Mental Illness Prior to the Renaissance Period
- Pages: 3
- Word count: 529
- Category: Mental Illness Psychology Renaissance
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What are some methods that were used to treat individuals who were presumably suffering from some form of mental illness prior to the Renaissance period? What are the rationales behind these methods?
Prior to the Renaissance period, Enlightenment thinkers urged the reformation of treating mental illnesses, which many treatments were used that today would be looked at as appalling or astounding in treating the mentally ill. German doctor Johann Weyer (1515-1588), the first physician to specialize in mental illness, believed that the mind was as susceptible to sickness as the body was (Comer, 2011). According to Goodwin (2008), Phillipe Pinel (1745-1826) introduced humane reforms in Paris, which established the asylum (type of institution that first became popular in the 16th century to provide care for those with mental disorders, which became virtual prisons) for both men and women known as Bircêtre asylum (1793) and Salpêtrière asylum (1795). Pinel also introduced “moral treatment” to improve institutional living conditions, reduction of physical restraint of patients, and improvement of patient’s behavior.
At the same time, Benjamin Rush introduced a medical model explaining mental illness and also developed an approach to treat and emphasize “improving” the condition of patients’ blood and circulatory system, which advocated the “bloodletting” as a cure. He believed that in order to reduce the hypertension in the brain’s blood vessels, blood should be removed through the opening of the veins until a person reaches a tranquil state. Rush also created two devices to calm the blood, which included the gyrator and the tranquilizer to redistribute blood toward the head and reduce pulse rate (Goodwin, 2008).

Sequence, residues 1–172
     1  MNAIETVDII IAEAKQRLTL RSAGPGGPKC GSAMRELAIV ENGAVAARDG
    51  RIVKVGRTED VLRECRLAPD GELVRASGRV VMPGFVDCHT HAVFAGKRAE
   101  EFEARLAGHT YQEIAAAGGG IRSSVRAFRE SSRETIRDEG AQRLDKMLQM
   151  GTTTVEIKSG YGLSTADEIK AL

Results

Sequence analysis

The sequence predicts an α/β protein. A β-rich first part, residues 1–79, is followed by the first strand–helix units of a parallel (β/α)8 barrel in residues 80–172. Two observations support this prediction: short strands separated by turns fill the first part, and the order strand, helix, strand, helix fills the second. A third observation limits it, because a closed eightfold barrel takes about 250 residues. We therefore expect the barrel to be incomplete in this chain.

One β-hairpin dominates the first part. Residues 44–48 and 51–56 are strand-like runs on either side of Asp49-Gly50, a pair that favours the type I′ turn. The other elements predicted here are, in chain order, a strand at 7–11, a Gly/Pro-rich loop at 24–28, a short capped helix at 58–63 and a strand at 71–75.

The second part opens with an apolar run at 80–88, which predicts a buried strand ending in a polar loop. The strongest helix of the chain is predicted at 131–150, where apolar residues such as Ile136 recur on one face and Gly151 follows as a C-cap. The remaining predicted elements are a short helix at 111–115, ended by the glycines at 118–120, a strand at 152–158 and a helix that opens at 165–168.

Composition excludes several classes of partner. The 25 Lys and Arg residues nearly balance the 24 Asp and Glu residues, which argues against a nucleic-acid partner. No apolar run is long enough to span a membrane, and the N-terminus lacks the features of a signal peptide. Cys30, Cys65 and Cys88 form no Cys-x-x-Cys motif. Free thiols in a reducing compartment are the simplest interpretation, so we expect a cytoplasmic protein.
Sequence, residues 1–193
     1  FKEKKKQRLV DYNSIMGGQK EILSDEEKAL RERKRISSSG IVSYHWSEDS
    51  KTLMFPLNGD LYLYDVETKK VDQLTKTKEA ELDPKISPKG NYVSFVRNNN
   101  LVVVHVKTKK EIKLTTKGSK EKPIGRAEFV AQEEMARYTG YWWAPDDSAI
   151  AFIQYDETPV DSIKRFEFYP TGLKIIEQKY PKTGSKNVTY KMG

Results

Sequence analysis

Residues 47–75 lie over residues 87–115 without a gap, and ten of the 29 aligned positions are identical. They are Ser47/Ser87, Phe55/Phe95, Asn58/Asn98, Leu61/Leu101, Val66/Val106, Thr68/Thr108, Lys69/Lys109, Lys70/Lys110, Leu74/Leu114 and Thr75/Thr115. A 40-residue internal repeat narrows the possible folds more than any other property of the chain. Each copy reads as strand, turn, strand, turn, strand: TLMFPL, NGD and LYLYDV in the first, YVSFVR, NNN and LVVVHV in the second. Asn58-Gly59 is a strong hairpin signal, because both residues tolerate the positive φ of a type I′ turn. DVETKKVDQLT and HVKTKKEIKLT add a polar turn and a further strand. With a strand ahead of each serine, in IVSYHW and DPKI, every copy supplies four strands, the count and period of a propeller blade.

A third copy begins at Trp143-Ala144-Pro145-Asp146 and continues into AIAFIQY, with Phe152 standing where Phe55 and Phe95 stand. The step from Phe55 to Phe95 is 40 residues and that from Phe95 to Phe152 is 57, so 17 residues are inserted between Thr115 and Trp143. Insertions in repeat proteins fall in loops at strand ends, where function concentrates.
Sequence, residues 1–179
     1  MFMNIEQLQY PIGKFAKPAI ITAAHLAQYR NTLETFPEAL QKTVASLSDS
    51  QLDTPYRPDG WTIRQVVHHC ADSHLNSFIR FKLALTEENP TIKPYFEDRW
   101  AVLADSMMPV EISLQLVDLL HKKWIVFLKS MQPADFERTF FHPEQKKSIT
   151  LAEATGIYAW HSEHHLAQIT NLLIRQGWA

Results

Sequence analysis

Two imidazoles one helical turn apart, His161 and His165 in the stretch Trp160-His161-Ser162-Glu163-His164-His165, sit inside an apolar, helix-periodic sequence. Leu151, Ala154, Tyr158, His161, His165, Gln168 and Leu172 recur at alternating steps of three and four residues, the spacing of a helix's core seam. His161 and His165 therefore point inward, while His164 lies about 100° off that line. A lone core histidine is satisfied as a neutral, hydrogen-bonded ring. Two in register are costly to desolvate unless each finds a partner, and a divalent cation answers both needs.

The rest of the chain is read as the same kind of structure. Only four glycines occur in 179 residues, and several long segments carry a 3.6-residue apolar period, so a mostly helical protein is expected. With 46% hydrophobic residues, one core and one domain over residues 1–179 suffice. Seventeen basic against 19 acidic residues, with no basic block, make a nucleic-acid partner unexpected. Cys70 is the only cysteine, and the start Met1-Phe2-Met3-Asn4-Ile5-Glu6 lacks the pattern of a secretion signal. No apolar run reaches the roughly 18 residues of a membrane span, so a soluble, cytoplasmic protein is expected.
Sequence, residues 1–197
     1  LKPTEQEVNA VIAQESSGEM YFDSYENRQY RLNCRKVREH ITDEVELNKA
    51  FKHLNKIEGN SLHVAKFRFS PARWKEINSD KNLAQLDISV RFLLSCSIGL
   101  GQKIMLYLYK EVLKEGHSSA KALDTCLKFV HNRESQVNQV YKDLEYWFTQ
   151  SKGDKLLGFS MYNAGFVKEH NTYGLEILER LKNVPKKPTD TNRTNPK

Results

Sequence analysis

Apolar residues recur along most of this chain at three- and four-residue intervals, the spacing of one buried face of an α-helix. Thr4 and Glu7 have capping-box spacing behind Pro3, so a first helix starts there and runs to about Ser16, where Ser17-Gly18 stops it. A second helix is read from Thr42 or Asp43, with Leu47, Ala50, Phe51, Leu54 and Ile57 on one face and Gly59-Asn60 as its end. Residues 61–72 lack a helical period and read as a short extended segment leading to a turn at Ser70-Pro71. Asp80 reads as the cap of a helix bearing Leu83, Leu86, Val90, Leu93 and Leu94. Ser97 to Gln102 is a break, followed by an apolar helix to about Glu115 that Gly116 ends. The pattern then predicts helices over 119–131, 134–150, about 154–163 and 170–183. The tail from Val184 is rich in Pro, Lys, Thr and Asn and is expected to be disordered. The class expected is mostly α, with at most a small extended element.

Another example of treatment is the supernatural view of abnormality that began as far back as the Stone Age. Some skulls from that period recovered in Europe and South America show evidence of an operation called trephination (a stone instrument, or trephine) was used to cut away a circular section of the skull, which was used to treat severe abnormal behavior—either hallucinations or melancholia. For historians, the purpose of opening the skull was to release the evil spirits that were supposedly causing problems of hallucinations or melancholia. Not only trephination took place, but also treatments for abnormality within the early societies were often exorcism.
The idea to coax evil spirits to leave or make the person’s body an uncomfortable place in which to live, a shaman or a priest may recite prayers, plead with evil spirits, insult the evil spirits, perform magic, make loud noises, or have the person ingest bitter drinks. However, if this technique fails, the shaman performs more extreme form of exorcism, such as whipping or starving the person. Other forms of treatment that were also used in asylums were shock treatments, the crib (which a person is completely strapped in the crib), the rush chair or restraining chair (to limit motion and reduce sensory stimulation by covering the head and blocking vision), and rotating chair (to induce a state of shock) (Comer, 2011).
oComer, R. J. (2011). Fundamentals of abnormal psychology (6th ed.). New York, NY: Worth. oGoodwin, C. J. (2008). A history of modern psychology (3rd ed.). Hoboken, NJ: Wiley.